While the Labrador retriever has long dominated the top of the American Kennel Club's list for annual breed registrations, most Labs don't perform the job they were originally bred to do: hunting. Training your Lab to hunt is a gradual process of building a partnership with your dog. After the age of 6 months, your Lab is eligible to receive a working certificate, if he is able to demonstrate a natural retrieving instinct, from the Labrador Retriever Club of America.
Before you start hunt training, your Lab requires basic obedience skills. Take him to obedience classes so he reliably learns the sit, stay, come, heel and down commands. "Reliably" means he isn't so distracted by outside influences, such as the neighbor's kids playing next door, that he fails to heed your commands. Good hunting dogs listen to and obey their owners. That's true even if your hunting-bred pooch is primarily a family pet.
Introduction to Hunting
During your Lab's first year, expose him to what he'll encounter in the hunt field, but don't actually hunt with him. Introductions don't all have to take place in the hunt field. He should learn to socialize with other canines, travel comfortably in a crate, become familiar with gunfire and ride on a boat. Don't overwhelm him with too many experiences at one time. At some point, expose him to game birds. "Gun Dog" magazine recommends starting off your dog by allowing him to hold a cold, dead pigeon.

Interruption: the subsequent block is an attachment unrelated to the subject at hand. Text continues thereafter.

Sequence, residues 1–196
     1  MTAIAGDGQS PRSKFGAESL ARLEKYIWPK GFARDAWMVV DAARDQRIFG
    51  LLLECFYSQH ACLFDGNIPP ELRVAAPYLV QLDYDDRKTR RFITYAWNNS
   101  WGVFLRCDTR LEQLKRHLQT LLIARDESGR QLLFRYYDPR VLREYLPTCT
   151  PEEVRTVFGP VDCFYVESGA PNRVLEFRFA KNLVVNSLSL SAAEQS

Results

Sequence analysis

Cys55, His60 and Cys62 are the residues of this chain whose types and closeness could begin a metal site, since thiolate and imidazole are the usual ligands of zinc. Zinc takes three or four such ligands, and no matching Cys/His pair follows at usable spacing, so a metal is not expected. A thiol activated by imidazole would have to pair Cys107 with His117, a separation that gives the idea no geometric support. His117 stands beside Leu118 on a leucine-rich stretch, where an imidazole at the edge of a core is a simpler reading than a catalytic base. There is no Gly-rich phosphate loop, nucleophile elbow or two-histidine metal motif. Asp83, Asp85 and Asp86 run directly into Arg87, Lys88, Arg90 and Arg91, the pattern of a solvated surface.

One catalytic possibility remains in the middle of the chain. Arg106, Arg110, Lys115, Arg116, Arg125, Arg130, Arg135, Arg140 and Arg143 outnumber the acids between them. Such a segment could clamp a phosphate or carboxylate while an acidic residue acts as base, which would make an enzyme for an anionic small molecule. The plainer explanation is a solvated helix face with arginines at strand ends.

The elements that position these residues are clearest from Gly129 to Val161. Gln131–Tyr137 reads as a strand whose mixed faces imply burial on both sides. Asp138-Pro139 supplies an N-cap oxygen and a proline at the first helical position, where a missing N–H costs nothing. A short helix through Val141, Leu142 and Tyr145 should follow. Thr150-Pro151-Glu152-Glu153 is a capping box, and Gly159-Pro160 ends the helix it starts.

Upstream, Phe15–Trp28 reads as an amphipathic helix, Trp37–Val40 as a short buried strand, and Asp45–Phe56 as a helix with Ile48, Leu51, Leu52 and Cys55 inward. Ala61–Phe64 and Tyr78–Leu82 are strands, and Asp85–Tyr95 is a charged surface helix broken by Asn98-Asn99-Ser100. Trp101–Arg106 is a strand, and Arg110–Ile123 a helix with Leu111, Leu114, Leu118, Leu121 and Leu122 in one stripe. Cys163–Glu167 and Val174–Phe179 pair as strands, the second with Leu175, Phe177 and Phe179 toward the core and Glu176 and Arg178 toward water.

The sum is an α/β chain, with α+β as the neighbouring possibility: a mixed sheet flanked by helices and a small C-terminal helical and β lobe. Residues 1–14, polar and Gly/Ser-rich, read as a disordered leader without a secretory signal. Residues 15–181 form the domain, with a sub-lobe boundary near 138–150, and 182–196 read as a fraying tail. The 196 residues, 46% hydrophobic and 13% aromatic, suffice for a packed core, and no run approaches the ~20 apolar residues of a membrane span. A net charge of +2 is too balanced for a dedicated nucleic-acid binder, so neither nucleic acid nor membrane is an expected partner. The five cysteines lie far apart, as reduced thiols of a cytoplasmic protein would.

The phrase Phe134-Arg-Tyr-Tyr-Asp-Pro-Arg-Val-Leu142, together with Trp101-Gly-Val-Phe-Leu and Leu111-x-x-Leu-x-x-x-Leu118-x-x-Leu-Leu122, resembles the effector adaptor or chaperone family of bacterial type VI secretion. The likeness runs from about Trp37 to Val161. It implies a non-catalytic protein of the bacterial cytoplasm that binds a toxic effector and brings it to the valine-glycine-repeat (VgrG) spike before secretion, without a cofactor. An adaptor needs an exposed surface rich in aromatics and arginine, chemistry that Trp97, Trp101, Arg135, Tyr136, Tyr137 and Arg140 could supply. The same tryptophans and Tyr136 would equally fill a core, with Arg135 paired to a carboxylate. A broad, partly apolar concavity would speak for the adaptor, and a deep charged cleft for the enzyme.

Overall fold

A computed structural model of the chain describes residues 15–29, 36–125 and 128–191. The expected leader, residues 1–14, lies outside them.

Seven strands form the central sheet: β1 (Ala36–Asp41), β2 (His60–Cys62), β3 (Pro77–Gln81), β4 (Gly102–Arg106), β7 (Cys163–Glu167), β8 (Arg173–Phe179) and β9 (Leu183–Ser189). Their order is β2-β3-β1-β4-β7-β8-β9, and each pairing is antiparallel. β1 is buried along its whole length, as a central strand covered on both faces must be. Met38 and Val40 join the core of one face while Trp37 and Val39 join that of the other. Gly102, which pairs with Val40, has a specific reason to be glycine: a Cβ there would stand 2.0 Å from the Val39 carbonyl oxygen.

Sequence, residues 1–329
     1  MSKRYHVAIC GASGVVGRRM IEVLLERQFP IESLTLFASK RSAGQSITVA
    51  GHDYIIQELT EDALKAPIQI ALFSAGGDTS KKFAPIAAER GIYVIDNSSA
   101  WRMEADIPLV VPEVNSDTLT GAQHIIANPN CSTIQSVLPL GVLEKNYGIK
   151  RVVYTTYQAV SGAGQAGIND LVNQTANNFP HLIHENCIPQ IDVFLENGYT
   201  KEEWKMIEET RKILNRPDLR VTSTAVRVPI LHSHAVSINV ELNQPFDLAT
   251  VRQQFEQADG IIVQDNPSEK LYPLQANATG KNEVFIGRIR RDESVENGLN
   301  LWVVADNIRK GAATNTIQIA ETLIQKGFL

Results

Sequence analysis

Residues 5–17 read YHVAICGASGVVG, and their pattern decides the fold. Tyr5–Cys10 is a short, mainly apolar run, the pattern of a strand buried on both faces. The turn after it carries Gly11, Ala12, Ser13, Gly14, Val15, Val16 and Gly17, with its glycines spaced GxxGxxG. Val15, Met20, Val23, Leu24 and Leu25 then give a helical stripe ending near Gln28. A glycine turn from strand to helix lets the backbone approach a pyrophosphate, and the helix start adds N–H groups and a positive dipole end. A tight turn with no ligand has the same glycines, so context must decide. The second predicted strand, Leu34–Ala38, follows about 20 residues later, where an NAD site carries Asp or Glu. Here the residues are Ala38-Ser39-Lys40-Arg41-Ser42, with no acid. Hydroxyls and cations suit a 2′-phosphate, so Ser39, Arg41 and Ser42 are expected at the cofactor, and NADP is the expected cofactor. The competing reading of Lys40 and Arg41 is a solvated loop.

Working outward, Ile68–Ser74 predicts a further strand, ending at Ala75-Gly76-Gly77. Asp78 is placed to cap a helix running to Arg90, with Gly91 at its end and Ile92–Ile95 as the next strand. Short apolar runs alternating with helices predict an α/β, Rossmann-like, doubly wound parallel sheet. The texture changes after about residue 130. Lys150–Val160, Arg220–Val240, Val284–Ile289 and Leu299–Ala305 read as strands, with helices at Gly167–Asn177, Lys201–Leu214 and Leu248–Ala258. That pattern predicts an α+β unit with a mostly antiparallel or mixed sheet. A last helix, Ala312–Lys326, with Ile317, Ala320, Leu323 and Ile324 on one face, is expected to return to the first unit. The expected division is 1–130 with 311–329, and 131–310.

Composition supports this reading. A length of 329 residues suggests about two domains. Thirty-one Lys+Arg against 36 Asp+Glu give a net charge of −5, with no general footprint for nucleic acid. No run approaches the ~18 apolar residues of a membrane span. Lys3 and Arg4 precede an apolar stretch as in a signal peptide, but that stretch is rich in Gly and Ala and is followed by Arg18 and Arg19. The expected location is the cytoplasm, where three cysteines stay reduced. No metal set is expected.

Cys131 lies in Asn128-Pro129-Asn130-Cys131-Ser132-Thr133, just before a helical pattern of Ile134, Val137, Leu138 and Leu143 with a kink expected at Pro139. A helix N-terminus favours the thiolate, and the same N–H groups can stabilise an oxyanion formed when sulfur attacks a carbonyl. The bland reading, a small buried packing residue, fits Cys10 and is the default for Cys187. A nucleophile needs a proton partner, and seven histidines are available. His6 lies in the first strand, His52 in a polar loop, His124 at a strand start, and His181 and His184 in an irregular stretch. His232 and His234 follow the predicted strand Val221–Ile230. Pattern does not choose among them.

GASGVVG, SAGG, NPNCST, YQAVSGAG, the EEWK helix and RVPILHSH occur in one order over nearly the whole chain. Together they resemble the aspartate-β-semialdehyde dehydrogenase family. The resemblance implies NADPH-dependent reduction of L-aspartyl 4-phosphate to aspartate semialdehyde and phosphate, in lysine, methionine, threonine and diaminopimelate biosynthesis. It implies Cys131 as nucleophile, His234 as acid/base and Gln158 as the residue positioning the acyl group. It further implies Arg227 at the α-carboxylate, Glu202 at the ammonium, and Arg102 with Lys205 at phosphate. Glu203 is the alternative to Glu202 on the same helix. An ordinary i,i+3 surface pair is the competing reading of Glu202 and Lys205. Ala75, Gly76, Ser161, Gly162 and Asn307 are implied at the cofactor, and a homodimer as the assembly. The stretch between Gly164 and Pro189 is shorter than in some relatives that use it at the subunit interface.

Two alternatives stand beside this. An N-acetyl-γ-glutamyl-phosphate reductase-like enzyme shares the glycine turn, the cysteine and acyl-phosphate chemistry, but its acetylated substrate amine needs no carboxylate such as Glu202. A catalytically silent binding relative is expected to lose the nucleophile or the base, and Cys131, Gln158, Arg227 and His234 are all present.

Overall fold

Field and Stream
Once your dog reliably returns to you on command, start exploring field and stream with him off-leash. Take him into fields, letting him run around and experience hunting terrain and discover game birds. Labradors usually take to water like the ducks they're bred to retrieve, so let yours learn to cross streams and play in marshland.
While retrieving comes naturally to the Lab, that doesn't mean your dog won't require some tuning up. Purchase a dummy for your Lab to retrieve at a sporting goods store, or use a knotted sock. Hold your Lab back while teasing him with the object. Then toss it a few feet and release your dog. As he improves at retrieving, increase the throwing distance.
Your local chapter of the LRCA can give you information on training opportunities and field trials. To earn a working certificate, your Lab must retrieve a shot bird from 50 yards away, on land, in light cover, according to LRCA specification. He must also retrieve two ducks from water in immediate succession, proving that he will re-enter water after the initial retrieval. He must also prove not to be gun-shy. Steadiness isn't necessary at this stage, so you can hold your dog until the retrieve, and he'll still get his certificate.